Optical interferometry, applied to biology and medicine, provides sensitive metrology capabilities for the measurement of biomolecules, subcellular components, cells and tissues. At a larger scale, cellular interferometry shares aspects with phase-contrast microscopy, but comprises a much larger class of phase-sensitive optical configurations that rely on optical interference among cellular constituents through refraction and diffraction.
At the tissue scale, partially-coherent forward-scattered light propagation through the micro aberrations and heterogeneity of tissue structure provides opportunities to use phase-sensitive gating optical coherence tomography as well as phase-sensitive fluctuation spectroscopy to image subtle structural and dynamical properties. Optical coherence tomography OCT is a medical imaging technique using low-coherence interferometry to provide tomographic visualization of internal tissue microstructures.
One interferometer arm is focused onto the tissue sample and scans the sample in an X-Y longitudinal raster pattern. The other interferometer arm is bounced off a reference mirror. Reflected light from the tissue sample is combined with reflected light from the reference. Because of the low coherence of the light source, interferometric signal is observed only over a limited depth of sample. X-Y scanning therefore records one thin optical slice of the sample at a time. By performing multiple scans, moving the reference mirror between each scan, an entire three-dimensional image of the tissue can be reconstructed.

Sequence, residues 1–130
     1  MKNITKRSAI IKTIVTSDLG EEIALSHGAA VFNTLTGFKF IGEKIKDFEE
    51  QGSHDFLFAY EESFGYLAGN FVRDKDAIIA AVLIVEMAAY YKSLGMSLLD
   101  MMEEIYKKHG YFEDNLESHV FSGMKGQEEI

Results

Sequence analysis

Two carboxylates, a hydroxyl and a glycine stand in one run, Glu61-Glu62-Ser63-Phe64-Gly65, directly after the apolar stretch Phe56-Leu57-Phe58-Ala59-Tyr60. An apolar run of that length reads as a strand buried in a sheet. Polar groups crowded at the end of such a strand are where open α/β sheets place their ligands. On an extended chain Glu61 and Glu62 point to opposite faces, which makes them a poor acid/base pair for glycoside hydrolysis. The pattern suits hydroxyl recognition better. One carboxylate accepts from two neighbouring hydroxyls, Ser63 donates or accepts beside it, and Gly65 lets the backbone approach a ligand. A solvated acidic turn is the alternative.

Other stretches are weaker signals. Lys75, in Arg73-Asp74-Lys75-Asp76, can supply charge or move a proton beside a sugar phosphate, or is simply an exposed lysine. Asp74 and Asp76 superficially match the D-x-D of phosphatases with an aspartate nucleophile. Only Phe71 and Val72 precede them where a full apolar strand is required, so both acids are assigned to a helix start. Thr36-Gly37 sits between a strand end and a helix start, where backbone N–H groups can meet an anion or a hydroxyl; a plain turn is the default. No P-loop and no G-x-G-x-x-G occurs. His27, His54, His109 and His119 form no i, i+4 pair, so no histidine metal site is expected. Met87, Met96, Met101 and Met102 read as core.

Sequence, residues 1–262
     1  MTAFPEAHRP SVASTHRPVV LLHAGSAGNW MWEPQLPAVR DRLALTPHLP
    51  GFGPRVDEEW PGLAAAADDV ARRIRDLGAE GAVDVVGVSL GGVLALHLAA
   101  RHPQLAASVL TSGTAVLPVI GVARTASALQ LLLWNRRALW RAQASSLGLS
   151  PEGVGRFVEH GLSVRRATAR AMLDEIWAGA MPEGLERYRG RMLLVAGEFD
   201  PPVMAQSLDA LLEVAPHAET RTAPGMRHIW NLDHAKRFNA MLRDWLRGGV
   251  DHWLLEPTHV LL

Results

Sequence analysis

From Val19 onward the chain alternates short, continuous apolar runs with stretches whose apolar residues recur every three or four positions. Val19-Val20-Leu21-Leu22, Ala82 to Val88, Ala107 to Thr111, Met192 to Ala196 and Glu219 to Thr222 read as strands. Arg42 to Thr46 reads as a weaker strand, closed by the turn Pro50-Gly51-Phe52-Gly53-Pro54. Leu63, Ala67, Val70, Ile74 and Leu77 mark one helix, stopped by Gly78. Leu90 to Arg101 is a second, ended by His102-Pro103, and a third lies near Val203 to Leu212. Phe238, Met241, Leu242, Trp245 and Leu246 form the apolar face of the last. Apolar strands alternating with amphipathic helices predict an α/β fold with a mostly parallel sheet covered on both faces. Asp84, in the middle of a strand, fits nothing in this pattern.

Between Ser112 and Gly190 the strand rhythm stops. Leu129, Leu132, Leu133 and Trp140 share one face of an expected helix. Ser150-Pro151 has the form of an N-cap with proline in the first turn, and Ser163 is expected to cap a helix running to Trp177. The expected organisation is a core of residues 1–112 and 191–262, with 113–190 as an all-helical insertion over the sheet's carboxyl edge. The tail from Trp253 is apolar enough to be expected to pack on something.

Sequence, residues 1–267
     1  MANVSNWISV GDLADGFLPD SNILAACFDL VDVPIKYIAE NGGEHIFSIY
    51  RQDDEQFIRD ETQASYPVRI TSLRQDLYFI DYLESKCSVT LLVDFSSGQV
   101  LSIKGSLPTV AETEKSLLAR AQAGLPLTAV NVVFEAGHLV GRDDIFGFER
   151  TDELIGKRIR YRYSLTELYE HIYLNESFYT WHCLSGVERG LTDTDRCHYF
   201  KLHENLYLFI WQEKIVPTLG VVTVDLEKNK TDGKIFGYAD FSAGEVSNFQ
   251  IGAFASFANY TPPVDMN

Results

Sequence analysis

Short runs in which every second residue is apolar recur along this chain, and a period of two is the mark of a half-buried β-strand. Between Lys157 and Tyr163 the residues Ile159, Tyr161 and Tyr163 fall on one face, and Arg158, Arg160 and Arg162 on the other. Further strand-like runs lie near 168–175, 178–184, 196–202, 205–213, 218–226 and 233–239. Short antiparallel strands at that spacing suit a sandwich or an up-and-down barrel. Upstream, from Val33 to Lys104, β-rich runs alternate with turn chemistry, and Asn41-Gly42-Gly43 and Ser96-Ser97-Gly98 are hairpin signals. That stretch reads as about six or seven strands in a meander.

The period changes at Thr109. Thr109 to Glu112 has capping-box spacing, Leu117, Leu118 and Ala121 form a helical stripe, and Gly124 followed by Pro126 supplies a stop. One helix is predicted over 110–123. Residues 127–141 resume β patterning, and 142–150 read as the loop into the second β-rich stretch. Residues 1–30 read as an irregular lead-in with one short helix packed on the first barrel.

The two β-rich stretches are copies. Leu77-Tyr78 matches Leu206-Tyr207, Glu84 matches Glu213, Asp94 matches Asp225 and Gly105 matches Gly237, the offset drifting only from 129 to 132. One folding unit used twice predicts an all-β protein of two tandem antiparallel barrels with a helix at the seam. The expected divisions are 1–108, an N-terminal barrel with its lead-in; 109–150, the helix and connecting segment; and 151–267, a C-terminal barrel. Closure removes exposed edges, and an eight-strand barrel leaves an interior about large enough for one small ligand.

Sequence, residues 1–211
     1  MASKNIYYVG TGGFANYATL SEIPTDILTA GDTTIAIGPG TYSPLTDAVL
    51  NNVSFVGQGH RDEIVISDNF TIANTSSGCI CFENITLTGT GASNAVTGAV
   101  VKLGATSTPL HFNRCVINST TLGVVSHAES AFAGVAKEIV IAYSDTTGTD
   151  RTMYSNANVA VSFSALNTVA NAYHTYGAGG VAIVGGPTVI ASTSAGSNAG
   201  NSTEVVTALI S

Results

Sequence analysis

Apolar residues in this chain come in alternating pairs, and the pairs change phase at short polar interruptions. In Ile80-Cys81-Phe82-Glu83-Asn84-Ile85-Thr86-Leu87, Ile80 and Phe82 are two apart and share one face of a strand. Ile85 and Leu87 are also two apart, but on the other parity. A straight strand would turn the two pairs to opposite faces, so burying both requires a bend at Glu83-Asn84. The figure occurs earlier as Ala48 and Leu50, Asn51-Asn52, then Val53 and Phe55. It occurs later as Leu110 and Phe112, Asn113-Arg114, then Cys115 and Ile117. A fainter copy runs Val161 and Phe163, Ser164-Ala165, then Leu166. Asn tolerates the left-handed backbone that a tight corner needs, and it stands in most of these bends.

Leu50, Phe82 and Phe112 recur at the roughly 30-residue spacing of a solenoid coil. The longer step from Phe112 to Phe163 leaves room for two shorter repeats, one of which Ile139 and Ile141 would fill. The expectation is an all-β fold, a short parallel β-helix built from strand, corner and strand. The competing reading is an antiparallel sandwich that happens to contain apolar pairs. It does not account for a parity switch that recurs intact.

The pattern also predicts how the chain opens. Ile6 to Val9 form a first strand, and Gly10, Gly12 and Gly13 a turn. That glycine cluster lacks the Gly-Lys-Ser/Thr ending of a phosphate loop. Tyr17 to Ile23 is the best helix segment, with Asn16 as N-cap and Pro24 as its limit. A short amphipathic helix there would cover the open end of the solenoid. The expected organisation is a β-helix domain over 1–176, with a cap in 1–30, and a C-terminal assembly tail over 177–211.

Phase contrast and differential interference contrast DIC microscopy are important tools in biology and medicine. Most animal cells and single-celled organisms have very little color, and their intracellular organelles are almost totally invisible under simple bright field illumination. These structures can be made visible by staining the specimens, but staining procedures are time-consuming and kill the cells. As seen in Figs. This allows interferometry depth measurements to be combined with density measurements.